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Facebook and Valentine’s Day

Facebook Valentine's day
Facebook Valentine's day

In honor of Valentine’s Day 2/14/2014, Facebook Data Science uncovered some interesting conclusions regarding everything from the role of religion and love, to the best places to find new relationships.

When it comes to the relationship between religion and love, it seems there is a higher correlation than expected, at least when it comes to those studied. Facebook found that in a wide variety of countries, including the United States, most people get into relationships with people of similar faith. However, the number is higher for people who date people of other religions than those who marry those of different faiths. When it comes to the United States, Facebook found 86% of couples are the same religion.

Facebook Data Science continued its research by looking at the age gap of couples. Looking at Facebook data, researchers found that in opposite-sex relationships worldwide, the man is an average of 2.4 years older than the woman is. In fact, the man is older about 67% of the time. The age gap varies widely, though, by culture.

If you are single, and searching for other single people, Facebook took a closer look at large cities with high percentages of singles. Detroit came out on top, followed by Los Angeles, New York, Miami and Memphis. For those looking for love, though, Facebook also ranked cities by a single person’s odds of forming a relationship. Top cities included Colorado Springs, El Paso, Louisville, Fort Worth and San Antonio.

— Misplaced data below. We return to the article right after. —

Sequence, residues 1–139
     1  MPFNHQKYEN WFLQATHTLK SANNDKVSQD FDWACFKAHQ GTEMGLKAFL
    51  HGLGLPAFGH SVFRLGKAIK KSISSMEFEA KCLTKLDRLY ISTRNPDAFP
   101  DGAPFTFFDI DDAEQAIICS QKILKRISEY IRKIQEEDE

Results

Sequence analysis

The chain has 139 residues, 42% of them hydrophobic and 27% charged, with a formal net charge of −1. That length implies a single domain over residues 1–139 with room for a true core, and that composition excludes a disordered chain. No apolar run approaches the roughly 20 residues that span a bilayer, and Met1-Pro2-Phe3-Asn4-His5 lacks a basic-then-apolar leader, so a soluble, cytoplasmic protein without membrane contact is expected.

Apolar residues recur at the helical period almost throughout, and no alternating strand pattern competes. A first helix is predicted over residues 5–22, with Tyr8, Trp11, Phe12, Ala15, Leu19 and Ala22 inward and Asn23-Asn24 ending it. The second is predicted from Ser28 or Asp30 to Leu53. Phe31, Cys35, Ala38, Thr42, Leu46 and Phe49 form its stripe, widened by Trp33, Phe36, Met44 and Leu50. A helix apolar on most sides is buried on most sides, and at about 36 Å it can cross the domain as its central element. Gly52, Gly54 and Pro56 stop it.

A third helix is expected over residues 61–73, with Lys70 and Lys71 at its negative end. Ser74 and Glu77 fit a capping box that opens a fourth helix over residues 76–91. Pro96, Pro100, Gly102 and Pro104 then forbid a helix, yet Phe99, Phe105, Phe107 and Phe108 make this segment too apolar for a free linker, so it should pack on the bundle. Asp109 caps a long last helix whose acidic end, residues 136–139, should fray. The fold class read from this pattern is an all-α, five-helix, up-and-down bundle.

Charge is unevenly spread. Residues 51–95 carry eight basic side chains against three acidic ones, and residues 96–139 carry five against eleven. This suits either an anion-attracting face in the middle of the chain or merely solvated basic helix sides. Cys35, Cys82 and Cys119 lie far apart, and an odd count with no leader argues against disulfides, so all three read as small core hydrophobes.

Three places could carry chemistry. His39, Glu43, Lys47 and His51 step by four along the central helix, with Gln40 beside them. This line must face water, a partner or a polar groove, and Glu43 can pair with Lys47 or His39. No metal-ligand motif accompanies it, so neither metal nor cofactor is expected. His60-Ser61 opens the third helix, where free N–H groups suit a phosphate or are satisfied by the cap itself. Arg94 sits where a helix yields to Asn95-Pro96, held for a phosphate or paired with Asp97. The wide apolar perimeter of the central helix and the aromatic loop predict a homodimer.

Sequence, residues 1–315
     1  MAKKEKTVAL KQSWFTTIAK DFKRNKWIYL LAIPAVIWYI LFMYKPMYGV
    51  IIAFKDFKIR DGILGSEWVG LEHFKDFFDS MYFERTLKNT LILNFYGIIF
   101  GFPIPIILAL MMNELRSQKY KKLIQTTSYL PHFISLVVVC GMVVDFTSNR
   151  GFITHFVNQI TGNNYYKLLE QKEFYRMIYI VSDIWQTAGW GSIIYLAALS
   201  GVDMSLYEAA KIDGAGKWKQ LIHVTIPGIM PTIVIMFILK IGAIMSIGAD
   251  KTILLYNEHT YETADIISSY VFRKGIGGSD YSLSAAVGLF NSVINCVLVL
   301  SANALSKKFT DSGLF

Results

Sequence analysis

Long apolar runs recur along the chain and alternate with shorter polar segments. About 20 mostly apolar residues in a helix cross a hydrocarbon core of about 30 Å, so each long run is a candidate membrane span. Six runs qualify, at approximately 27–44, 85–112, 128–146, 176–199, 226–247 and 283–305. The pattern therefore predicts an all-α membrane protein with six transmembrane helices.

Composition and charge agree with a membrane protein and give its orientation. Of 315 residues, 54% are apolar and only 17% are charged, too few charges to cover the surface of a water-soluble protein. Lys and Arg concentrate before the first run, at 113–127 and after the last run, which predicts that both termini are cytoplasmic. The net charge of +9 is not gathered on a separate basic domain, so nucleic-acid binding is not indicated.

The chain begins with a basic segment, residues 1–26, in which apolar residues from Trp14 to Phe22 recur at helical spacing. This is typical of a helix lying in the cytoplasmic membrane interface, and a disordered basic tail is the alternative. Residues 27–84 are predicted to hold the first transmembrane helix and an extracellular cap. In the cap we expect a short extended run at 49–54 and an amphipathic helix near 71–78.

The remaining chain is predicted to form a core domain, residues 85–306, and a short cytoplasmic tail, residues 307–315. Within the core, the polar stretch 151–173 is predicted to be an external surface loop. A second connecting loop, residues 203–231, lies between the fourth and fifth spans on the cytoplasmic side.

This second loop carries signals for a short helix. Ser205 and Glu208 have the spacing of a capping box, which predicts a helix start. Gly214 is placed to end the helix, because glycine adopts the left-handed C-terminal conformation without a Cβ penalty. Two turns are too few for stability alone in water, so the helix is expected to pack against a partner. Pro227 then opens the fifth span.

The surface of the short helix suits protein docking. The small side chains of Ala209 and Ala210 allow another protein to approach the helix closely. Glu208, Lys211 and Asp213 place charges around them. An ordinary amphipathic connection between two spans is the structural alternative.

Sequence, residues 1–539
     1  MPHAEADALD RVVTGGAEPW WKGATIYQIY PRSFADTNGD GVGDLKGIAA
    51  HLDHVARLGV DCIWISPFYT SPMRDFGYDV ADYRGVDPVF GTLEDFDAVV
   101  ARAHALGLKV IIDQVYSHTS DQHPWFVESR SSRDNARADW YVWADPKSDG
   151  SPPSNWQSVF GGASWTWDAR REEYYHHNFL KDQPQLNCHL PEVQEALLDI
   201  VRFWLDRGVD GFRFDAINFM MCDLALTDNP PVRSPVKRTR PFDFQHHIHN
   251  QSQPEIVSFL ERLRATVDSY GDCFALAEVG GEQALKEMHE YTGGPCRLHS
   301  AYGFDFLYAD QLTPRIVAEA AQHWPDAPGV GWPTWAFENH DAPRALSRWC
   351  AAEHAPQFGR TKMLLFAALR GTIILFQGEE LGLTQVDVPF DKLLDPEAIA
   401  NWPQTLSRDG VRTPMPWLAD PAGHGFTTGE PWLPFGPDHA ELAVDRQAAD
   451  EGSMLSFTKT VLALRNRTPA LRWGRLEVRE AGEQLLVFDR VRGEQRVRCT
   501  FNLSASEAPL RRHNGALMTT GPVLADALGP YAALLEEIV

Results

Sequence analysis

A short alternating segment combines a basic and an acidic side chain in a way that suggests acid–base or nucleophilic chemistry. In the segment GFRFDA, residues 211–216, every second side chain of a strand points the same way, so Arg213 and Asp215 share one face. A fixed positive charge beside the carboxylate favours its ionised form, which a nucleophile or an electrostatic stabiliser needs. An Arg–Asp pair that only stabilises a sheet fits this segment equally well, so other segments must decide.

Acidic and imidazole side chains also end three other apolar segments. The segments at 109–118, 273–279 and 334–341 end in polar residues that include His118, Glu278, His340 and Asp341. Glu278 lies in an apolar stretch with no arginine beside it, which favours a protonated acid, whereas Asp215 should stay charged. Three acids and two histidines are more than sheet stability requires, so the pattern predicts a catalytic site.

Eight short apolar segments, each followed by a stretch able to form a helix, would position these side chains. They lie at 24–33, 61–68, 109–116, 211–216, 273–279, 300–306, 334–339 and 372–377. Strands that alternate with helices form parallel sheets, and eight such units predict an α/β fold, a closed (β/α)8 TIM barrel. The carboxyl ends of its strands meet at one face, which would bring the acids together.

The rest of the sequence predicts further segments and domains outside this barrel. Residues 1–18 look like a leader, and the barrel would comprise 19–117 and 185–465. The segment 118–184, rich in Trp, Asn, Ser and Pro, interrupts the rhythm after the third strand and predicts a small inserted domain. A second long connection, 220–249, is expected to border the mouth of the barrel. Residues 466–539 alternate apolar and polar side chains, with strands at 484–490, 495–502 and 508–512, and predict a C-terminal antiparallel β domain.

The cities with the most single women, when compared to single men, included Memphis, Jacksonville and Fort Worth. Charlotte and Richmond rounded out the top five. Facebook found that women have the advantage in cities like San Francisco, San Jose and Seattle. Salt Lake City and San Diego also received high marks because there are more single men than women to go around.

Facebook also analyzed the time it took for couples to go from exchanging posts on each other’s Facebook timelines to changing their status to “in a relationship”. Data found that couples shared more posts in the 100 days prior to changing their relationship status, than posts once they were actually in a relationship.

Facebook used anonymized, aggregated data in their research.

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